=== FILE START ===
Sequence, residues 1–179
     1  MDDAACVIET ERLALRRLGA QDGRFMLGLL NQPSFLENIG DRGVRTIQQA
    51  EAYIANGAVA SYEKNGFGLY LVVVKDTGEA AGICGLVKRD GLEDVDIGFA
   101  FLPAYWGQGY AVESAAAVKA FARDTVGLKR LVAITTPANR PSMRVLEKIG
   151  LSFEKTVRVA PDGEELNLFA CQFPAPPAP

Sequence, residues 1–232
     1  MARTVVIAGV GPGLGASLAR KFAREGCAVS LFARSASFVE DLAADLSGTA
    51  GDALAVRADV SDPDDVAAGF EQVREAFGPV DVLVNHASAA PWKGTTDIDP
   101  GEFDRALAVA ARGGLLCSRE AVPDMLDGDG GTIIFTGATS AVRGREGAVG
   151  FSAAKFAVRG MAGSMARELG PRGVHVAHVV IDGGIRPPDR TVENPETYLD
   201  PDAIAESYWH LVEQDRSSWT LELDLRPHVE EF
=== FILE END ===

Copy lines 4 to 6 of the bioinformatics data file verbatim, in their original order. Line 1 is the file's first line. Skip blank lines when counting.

   101  FLPAYWGQGY AVESAAAVKA FARDTVGLKR LVAITTPANR PSMRVLEKIG
   151  LSFEKTVRVA PDGEELNLFA CQFPAPPAP

Sequence, residues 1–232